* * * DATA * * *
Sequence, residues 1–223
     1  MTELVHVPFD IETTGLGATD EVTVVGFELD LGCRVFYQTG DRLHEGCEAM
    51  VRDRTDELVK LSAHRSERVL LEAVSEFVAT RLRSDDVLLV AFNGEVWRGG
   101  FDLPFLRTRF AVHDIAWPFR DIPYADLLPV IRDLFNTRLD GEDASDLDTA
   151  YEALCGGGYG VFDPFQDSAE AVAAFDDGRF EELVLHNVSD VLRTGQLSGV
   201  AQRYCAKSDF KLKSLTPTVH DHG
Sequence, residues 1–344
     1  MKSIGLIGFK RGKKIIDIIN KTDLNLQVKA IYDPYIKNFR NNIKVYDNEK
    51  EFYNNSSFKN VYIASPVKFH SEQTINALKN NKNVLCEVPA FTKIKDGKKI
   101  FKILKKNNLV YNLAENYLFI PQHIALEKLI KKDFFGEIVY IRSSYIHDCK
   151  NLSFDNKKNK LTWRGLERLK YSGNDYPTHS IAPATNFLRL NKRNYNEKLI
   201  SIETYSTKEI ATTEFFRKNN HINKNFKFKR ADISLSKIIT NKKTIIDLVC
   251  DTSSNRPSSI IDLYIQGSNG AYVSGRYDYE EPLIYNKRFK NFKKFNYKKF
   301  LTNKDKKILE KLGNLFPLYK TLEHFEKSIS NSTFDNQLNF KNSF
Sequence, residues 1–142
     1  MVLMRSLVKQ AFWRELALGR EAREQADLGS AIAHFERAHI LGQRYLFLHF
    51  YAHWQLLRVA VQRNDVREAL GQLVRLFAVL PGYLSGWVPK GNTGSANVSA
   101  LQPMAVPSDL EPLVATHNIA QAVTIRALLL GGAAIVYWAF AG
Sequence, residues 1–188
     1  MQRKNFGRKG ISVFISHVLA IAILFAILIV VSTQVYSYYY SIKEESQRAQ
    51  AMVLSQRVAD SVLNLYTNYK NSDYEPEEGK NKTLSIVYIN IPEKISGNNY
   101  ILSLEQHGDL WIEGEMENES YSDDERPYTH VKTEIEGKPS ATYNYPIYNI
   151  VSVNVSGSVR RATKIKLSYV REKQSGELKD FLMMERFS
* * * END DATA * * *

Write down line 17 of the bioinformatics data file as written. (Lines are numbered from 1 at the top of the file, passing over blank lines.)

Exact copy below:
    51  YAHWQLLRVA VQRNDVREAL GQLVRLFAVL PGYLSGWVPK GNTGSANVSA